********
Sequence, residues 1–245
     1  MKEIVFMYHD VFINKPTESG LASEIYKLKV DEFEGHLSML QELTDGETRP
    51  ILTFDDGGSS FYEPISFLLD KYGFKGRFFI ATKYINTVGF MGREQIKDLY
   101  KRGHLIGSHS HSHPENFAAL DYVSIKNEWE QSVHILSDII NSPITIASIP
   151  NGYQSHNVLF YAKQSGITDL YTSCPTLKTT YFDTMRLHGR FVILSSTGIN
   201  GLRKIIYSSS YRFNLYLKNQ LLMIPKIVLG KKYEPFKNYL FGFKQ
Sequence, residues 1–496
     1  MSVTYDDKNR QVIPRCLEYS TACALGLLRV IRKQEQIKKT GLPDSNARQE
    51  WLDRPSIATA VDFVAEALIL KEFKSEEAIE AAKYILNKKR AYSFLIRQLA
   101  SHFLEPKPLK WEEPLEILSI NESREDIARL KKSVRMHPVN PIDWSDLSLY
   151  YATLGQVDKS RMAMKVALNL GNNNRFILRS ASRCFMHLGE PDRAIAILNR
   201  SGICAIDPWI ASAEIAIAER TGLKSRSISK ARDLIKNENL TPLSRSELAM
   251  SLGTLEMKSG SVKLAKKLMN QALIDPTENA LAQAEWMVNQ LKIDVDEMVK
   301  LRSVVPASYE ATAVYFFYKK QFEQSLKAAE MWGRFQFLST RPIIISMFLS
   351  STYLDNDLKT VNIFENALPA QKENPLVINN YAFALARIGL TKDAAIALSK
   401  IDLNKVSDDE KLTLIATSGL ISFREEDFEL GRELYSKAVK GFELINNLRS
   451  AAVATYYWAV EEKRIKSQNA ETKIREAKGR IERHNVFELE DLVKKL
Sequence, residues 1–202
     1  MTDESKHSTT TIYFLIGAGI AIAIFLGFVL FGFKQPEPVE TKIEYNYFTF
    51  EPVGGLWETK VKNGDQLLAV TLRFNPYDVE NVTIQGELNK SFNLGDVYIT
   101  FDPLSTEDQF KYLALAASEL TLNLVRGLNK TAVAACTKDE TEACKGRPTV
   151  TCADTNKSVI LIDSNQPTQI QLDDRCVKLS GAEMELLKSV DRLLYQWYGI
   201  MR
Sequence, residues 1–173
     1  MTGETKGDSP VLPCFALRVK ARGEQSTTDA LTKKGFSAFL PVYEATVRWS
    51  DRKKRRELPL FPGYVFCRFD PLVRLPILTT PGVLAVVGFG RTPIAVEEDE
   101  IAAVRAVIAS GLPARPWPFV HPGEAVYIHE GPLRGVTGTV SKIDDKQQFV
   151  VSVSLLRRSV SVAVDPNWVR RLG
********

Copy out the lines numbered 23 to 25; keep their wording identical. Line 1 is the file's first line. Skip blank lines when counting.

   201  MR
Sequence, residues 1–173
     1  MTGETKGDSP VLPCFALRVK ARGEQSTTDA LTKKGFSAFL PVYEATVRWS